II. That analysis brings us to our second question: What will this global context mean for Russia in 2016 and beyond?

  • With one of largest subsoil wealth reserves in the world, Russia’s economy drew on those natural resources to drive strong growth throughout the 2000s, with only a brief interruption in 2008-2009.
    • Russia not only registered high real GDP per capita growth of around 5 percent a year between 2000 and 2013, but growth in the first decade of the century was also inclusive.
    • Since 2000, Russia has been witness to unprecedented growth in household welfare, lifting many out of poverty and allowing many others to join the ranks of a growing middle class.
    • Poverty was reduced by more than half and fell from 35 percent of the population in 2001 to 11 percent in 2013.
    • At the same time, the middle class more than doubled in Russia from 30 percent to 70 percent of the total population.
  • A strong role of the public sector and a robust social contract were important characteristics of Russia’s economic development.  
    • Russia’s public sector is large and employs about one-third of all formal workers, providing important employment stability for part of the population, but also leaving crowding out a growing private sector.
    • A generous social contract, with free health and education for all, led to major improvements in education achievements (such as school enrollment and completion rates), and it produced significantly lower infant-mortality rates.
  • However – amid falling commodity prices and rigorous global economic conditions – the sustainability of this growth model and social contract has come under increasing pressure.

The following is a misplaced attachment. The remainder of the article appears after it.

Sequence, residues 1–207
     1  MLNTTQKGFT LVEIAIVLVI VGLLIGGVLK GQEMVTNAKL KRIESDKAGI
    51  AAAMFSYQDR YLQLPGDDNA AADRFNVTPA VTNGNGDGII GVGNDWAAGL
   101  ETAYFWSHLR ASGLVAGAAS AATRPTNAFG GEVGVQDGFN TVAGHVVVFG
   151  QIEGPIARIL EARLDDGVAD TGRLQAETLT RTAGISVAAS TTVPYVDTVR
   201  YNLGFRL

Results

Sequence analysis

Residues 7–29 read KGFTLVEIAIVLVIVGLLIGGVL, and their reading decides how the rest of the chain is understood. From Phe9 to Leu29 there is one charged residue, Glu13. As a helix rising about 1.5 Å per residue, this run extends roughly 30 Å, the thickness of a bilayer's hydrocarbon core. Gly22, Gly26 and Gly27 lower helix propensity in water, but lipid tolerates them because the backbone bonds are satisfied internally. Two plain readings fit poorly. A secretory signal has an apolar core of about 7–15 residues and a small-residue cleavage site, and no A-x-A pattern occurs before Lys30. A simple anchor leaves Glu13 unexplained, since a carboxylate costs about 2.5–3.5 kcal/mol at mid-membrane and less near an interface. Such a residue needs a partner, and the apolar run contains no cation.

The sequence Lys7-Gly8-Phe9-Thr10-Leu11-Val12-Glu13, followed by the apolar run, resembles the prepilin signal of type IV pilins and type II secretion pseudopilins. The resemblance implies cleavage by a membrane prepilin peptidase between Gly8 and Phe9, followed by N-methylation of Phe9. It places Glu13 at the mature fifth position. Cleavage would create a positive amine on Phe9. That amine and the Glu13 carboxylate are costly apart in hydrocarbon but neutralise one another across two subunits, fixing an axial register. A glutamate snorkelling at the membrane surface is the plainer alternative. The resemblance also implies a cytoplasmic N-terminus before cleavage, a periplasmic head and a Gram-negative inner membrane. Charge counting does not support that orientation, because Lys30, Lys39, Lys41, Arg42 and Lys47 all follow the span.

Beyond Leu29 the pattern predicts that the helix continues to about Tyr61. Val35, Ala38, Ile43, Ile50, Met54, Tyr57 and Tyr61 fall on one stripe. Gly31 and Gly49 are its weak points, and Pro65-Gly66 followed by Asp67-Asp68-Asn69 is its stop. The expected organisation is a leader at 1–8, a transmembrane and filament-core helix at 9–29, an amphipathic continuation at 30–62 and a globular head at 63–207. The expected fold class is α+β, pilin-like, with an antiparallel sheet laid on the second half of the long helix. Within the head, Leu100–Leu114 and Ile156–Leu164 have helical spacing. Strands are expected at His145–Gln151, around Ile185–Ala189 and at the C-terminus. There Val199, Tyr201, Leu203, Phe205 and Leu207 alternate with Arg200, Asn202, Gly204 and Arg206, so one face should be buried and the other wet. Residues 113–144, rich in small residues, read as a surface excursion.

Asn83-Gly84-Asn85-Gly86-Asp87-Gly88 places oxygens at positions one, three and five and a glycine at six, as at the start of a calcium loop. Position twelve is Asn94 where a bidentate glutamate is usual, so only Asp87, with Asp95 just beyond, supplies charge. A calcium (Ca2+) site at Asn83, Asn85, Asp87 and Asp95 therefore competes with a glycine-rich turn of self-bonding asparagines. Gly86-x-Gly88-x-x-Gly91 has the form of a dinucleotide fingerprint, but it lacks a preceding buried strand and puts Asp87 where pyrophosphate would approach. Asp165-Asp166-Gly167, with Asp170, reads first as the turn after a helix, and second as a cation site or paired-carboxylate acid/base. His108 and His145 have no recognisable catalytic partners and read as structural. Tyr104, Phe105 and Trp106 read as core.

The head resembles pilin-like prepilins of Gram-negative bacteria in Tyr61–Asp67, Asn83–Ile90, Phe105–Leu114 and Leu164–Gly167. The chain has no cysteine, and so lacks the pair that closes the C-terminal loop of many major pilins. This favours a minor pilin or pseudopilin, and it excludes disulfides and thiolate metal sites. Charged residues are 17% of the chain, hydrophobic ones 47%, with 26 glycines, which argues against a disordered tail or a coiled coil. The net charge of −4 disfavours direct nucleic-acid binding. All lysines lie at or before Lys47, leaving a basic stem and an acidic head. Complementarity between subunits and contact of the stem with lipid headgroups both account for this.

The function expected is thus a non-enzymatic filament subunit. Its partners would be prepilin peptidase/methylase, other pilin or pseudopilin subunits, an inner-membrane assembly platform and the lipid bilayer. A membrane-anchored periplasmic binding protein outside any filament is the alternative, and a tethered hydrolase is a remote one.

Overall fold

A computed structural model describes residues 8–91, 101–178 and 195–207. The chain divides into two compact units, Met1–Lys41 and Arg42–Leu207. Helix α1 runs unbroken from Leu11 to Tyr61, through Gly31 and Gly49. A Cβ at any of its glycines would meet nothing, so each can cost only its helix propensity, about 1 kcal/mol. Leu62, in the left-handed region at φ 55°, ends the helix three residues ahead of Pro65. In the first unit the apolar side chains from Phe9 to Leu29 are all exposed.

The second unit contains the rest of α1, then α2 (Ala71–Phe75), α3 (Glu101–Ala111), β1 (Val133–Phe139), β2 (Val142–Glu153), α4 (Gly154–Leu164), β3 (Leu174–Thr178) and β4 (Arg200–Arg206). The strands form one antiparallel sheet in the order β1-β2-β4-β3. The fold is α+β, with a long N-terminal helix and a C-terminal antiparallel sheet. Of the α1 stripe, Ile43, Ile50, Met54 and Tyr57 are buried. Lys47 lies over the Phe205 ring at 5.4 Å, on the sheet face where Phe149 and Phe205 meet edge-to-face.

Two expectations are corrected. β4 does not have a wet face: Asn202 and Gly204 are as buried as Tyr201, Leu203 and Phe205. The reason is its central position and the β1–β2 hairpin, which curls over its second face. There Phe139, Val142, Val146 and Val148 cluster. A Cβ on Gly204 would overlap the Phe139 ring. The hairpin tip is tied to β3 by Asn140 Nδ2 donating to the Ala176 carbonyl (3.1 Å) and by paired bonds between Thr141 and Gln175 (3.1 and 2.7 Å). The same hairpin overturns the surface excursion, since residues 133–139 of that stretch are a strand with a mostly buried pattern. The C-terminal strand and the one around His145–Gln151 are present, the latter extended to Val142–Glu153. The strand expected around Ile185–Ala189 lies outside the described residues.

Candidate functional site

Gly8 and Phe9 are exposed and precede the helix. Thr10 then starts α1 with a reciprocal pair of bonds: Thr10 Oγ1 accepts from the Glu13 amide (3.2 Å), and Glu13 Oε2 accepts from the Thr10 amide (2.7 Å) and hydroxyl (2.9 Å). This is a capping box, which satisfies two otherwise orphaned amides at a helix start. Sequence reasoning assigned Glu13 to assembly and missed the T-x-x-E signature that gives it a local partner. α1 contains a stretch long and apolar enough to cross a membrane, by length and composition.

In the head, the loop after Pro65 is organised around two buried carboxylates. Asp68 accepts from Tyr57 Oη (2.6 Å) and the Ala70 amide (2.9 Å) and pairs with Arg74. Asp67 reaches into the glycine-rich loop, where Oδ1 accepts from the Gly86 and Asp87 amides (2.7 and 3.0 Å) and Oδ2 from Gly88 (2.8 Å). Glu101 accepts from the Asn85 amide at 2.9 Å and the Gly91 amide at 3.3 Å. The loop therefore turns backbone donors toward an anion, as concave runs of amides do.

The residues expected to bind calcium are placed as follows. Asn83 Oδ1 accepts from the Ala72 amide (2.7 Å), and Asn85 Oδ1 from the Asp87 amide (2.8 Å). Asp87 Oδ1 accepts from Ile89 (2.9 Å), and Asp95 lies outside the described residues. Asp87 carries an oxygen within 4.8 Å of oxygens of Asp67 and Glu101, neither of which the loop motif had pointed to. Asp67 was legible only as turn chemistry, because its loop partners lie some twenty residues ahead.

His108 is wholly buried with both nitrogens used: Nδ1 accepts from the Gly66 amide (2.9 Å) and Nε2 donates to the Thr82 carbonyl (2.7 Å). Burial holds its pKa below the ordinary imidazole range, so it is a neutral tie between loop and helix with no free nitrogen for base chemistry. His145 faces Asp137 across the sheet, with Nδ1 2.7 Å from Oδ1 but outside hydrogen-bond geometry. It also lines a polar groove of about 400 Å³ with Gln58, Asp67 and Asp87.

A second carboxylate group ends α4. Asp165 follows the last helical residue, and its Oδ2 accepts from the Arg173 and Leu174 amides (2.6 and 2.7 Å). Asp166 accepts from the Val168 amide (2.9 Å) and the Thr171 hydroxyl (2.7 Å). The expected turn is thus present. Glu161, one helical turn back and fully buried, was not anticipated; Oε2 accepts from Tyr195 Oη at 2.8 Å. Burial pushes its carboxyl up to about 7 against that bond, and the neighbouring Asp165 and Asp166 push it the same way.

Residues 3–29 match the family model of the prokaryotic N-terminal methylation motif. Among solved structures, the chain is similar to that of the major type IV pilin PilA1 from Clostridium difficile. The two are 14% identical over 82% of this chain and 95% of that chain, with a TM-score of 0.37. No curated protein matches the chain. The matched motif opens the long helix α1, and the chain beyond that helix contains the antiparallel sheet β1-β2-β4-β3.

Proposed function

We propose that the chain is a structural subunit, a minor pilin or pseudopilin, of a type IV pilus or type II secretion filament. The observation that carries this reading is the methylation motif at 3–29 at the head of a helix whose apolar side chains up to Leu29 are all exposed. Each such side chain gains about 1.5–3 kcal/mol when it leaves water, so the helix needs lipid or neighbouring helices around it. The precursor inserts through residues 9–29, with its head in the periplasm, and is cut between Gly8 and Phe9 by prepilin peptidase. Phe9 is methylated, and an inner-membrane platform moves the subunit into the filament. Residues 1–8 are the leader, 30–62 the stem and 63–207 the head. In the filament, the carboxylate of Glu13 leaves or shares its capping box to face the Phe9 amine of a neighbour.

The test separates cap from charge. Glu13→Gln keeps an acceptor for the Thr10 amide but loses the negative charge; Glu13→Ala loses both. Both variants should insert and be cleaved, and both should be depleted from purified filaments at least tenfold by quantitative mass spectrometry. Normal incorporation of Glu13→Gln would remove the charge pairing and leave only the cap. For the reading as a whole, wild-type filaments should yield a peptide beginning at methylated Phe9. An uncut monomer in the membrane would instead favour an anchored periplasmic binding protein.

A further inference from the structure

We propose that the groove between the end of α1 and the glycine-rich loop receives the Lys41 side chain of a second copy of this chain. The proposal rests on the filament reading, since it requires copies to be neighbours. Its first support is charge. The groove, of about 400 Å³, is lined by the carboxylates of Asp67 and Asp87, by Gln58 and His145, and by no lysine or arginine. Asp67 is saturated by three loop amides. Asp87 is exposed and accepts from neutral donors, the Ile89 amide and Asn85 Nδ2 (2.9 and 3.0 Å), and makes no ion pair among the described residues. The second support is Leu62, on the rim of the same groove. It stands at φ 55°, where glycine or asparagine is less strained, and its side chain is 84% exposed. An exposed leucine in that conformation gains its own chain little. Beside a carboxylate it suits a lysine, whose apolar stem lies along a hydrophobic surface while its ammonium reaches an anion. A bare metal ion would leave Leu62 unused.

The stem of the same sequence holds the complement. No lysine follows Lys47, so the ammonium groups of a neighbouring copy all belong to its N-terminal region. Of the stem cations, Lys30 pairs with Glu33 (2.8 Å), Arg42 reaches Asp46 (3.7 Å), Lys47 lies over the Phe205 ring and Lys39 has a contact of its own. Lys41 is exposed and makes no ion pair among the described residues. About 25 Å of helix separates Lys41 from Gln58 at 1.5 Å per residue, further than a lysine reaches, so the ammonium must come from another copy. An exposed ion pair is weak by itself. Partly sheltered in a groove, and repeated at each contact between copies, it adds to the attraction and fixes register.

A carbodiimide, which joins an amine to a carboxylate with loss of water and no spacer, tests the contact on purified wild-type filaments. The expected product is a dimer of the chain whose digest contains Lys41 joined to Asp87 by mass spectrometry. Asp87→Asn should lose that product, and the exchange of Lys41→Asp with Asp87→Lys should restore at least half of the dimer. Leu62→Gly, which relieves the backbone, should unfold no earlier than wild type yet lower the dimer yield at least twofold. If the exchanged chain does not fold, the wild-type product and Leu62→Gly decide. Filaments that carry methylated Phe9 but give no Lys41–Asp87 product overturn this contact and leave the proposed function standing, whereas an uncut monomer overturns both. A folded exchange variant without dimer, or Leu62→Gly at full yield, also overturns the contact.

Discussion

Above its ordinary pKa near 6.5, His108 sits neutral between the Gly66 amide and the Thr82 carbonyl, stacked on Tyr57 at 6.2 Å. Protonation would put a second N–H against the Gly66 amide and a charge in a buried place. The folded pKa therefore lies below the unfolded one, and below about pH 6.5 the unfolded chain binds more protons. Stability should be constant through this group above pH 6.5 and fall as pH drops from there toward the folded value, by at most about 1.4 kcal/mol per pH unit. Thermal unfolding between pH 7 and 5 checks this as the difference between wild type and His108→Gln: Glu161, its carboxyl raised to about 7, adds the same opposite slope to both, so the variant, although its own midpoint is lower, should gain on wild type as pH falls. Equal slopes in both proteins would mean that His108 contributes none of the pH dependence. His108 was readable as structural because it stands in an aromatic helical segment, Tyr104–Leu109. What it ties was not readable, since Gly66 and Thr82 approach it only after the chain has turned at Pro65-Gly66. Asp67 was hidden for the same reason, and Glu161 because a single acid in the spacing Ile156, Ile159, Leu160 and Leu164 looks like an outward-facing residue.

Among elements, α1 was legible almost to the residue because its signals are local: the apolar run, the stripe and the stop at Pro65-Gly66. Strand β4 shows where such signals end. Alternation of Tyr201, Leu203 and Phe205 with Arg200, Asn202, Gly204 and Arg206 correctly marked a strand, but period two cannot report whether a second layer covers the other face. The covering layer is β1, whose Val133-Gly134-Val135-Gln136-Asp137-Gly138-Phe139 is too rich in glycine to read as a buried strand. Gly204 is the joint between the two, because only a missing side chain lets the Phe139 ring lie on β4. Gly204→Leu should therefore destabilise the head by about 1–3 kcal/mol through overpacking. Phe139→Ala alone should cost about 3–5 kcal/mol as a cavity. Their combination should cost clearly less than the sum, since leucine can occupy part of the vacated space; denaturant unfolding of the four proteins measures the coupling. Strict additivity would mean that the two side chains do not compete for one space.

• The costs of the existing social contract will be difficult to cover in the coming years, since the sources of government funding from the extractive sectors have shrunk.
    • As a result, the fiscal deficit, and Russia’s financing needs, have also increased.
  • Russian authorities managed the external pressures well with a set of policies which successfully stabilized the economy.
    • For example, the transition to a free-floating exchange rate reduced current account imbalances and helped stabilize reserve levels.
    • Meanwhile, measures to support the financial sector appear to have contained systemic risks, and there are some signs of stabilization.
    • Downward pressure on federal revenue ushered in a period of difficult fiscal consolidation. A temporary frontloading of expenditures during the first half of 2015 cushioned some of the impact of a 5 percent real expenditure decrease.
  • However, falling oil revenues constrained the government’s ability to counter the decline in real income, and nominal increases in pensions and social benefits were below the headline inflation rate.
  • This accelerated an already troubling rise in the poverty rate, which climbed from 12.6 percent in the third quarter of 2014 to 14.1 percent in the third quarter of 2015,
    • This represents 20.3 million people – or an increase of 2.3 million people, compared to a year ago.
  • But key policy challenges remain: how to bring down persistently high inflation? How to jump-start investment and credit growth? And how to transform the budget to one of medium-term sustainability in the face of diminishing fiscal buffers?
  • Russia’s growth prospects in 2016 are very challenging as commodity prices are not expected to recover and global growth projections are being revised downward yet again.